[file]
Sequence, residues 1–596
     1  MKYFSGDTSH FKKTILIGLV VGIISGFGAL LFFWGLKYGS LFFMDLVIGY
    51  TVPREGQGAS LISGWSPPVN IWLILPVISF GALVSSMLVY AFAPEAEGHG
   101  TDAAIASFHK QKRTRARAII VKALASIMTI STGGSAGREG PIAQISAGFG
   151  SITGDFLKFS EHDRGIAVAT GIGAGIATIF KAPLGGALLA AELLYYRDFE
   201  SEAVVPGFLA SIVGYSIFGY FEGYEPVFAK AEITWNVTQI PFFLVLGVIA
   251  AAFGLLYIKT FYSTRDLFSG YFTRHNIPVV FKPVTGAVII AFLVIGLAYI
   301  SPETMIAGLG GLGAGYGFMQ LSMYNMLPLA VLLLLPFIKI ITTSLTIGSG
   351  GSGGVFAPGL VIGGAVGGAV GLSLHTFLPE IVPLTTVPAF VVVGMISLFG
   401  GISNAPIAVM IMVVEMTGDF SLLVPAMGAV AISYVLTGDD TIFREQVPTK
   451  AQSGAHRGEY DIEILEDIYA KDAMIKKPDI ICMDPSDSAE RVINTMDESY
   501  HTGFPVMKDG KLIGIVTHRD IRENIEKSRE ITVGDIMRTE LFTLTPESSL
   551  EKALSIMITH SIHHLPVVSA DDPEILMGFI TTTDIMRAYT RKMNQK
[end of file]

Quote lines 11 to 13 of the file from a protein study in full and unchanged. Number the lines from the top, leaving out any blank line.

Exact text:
   451  AQSGAHRGEY DIEILEDIYA KDAMIKKPDI ICMDPSDSAE RVINTMDESY
   501  HTGFPVMKDG KLIGIVTHRD IRENIEKSRE ITVGDIMRTE LFTLTPESSL
   551  EKALSIMITH SIHHLPVVSA DDPEILMGFI TTTDIMRAYT RKMNQK